Phil Wiser was a senior at Eastern Vo-Tech and something of a science geek in 1984. But Wiser wasn’t your typical nerd, with his long hair and confident swagger. In fact, he was class president and bassist in Child’s Play, a popular metal band that played local clubs. It’s a rare trait, being the nerd and the cool kid, but it’s a combination that’s served Wiser well and distinguished him from his peers.
98 Rock’s Bob Lopez picked up on that one night at the Seagull Inn in Essex. Lopez came out to a Child’s Play show to promote the station and got into a lengthy conversation with Wiser. Unlike some of his peers, the budding metal god didn’t focus exclusively on his favorite Zeppelin songs or the merits of Bud vs. Michelob. “Actually, we spent quite a bit of time discussing technology,” recalls Wiser. “We talked a lot about this crazy thing called the personal computer that Apple was putting out.”
The next morning, Lopez raved to his listeners about the band and its whipsmart bass player. “It was great walking into school after he had talked about me and Child’s Play on the radio,” says Wiser. “Everyone heard it as they were driving to school, so I was king of the hill that day.”
It turns out that Lopez, who passed away in 2005, was somewhat prescient with regards to Wiser. The head-banging, spandex-wearing, sweat-soaked rocker traded hard rock rhythms for algorithms and ascended to far greater heights as a techie than as a musician. Instead of eking out a living in the hardscrabble record biz, he revolutionized the entire music business.
Wiser created what his website calls “the core technologies that now form the basis for all online music” and worked as Chief Technology Officer at Sony, where he brokered landmark deals with the likes of Apple. Now, Wiser—the suit wearing, plane flying, Silicon Valley entrepreneur—has set his sights on the television industry.
And to think it all started with AC/DC.
Wiser grew up in Essex, loving music and honing a serious work ethic. He picked up the trumpet at the age of 9 and enjoyed performing in various school bands and projects. He once played his horn in the pit band for a production of The Wizard of Oz and starred as The Scarecrow. “I guess I’ve always been a multitasker,” he quips.
After school, Wiser delivered newspapers, repaired TVs, and made crab pots out of chicken wire—which he sold to watermen around Middle River. He even worked on a boat, tonging crabs and throwing back the small ones, one summer.
As a teen, he started listening to hard rock on FM radio, and he and his friends traded their horns and saxophones for electric guitars and basses. “Basically, we listened to a lot of AC/DC, which was pervasive at the time,” says Wiser. “It was the staple of the music we listened to, and it was just the sort of hard-driving rock we ended up playing in Child’s Play.”
Formed by friends who grew up in Essex, the group’s first gig was playing Eastern’s Sadie Hawkins dance. “As class president, I was looking for a budget band,” says Wiser, “and I knew of one I could definitely afford—Child’s Play.”
The band played a heavy rotation of Judas Priest, Motley Crue, and, of course, AC/DC, eventually became fixtures at clubs like Network, Hammerjacks, and the Seagull, and started writing its own tunes.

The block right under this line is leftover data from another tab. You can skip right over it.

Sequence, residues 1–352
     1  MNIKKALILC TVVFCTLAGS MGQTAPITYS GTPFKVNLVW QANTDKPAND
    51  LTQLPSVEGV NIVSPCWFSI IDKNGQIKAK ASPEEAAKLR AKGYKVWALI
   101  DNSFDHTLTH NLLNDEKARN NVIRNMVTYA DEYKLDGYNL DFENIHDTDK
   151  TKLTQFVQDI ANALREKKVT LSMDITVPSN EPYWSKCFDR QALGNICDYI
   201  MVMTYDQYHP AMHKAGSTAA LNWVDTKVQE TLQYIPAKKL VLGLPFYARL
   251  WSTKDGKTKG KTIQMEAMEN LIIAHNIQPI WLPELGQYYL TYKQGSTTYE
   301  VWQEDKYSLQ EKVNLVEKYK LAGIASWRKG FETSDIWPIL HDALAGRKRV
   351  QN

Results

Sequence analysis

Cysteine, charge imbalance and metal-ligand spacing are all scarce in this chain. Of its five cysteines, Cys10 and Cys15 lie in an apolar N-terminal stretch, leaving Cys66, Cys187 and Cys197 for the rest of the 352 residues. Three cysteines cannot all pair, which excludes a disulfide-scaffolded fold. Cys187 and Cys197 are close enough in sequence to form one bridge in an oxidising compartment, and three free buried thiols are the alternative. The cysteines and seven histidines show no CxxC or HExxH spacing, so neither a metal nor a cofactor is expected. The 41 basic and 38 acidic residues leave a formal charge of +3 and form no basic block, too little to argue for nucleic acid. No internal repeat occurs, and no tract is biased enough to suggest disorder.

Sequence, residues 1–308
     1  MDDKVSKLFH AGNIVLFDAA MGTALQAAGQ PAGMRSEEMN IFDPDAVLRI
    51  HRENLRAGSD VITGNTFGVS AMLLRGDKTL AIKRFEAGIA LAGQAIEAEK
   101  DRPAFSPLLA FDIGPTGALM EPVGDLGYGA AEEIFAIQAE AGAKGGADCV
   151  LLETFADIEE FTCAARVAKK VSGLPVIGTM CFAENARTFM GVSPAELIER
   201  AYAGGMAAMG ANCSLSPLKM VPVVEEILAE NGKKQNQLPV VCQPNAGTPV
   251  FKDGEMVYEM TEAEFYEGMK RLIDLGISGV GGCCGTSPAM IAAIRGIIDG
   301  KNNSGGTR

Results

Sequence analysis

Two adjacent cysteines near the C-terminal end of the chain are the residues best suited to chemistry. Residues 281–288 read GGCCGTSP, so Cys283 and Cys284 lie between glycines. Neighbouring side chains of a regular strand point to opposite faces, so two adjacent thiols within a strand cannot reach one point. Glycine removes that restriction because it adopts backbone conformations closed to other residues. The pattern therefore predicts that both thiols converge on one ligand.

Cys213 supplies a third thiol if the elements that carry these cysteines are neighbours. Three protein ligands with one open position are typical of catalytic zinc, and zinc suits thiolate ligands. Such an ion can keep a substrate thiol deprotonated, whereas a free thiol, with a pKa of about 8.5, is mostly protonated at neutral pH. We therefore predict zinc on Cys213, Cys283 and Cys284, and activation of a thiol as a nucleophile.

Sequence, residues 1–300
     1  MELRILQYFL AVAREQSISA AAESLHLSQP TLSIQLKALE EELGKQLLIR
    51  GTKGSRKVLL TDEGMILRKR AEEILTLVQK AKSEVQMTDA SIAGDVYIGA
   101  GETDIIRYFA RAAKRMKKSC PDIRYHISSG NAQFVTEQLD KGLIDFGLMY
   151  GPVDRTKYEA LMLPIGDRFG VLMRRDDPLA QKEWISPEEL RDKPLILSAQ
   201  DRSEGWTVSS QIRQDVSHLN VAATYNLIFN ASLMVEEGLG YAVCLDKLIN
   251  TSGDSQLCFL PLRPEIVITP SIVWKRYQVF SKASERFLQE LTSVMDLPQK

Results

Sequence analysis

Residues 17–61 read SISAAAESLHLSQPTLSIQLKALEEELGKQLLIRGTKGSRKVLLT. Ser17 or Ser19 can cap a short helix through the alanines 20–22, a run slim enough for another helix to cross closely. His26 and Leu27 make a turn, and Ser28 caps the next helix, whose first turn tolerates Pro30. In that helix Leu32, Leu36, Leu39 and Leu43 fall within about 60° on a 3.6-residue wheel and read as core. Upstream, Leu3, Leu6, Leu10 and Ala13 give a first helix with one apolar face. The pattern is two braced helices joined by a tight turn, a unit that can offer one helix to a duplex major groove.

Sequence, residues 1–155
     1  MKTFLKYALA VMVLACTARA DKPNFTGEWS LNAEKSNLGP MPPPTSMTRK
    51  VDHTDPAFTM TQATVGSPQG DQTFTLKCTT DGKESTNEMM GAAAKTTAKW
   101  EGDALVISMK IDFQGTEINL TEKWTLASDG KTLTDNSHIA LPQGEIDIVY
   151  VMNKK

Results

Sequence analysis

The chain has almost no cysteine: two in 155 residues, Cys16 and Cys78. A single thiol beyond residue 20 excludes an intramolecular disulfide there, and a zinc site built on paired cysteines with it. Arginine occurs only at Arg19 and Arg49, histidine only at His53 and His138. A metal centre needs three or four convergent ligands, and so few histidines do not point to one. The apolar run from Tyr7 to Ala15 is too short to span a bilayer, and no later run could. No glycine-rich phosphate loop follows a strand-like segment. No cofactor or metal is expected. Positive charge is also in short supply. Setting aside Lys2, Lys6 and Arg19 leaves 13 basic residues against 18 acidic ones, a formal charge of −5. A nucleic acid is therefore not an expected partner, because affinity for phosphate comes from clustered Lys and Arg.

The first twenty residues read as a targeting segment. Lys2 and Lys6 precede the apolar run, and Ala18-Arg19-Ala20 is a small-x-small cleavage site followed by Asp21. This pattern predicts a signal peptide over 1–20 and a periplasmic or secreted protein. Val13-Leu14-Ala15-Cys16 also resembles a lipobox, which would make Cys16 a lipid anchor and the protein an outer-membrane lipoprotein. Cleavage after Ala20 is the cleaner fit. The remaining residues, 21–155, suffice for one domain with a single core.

“At that point, I was fully committed to being a rock star,” says Wiser. “I didn’t think about academics beyond getting out of high school. My thought was that I’d put all my energy into the band, and I could circle back to other options if I needed to later. Being a systematic planner, I gave myself one year to see where things went.”
Mostly, Child’s Play went up and down the east coast in an old Dodge van, playing cities and college towns from upstate New York to South Carolina. It was a wild ride—a blur of teased hair, smoky clubs, and band-of-brothers camaraderie, as the band cultivated a loyal fan base. “We were very successful marketing the band,” says Larry Hinshaw, the group’s singer at the time. “At one point, we were playing five nights a week.”
Wiser, with his budding interest in electronics and technology, helped keep the band’s equipment functioning. “Anytime something broke, Phil knew how to fix it,” says Mitch Allan, the band’s former guitar tech, who went on to form the band SR-71. “With some duct tape, chewing gum, and toothpicks, he could fix his bass, or even the PA, and it would sound incredible. His brain was always working, and he was thinking about big picture stuff.”
“It was my first entrepreneurial venture,” notes Wiser. “We had to work effectively as a partnership, set goals, come up with strategies, work on branding, do a lot of promotion, and build a fan base. That’s basically what you do when you create a company.”
When his year was up, Wiser didn’t abruptly quit the band, because “it wouldn’t have been fair to the other guys,” he says, but he did enroll in Essex Community College part time. Allan recalls seeing him surrounded by books, studying, backstage at Child’s Play shows. “Through all that chaos, Phil studied,” says Allan. “It was nothing but distractions, and he still managed to study eight hours a day.”
Science increasingly fascinated Wiser, and he decided to pursue electrical engineering, “although at the time, I didn’t really know what that meant,” he says. But he knew enough to major in it at the University of Maryland College Park, which meant finally quitting the band. “To this day, it was the most painful decision I ever had to make,” he says.
Wiser worked the nightshift loading trucks at UPS and cobbled together a bunch of scholarships to cover tuition—“I got really proficient at begging for money,” he says—and roomed in a basement apartment with Allan, who also enrolled at College Park. “It was a culture shock going to college,” says Wiser, “but having Mitch around gave me some continuity to my past life.”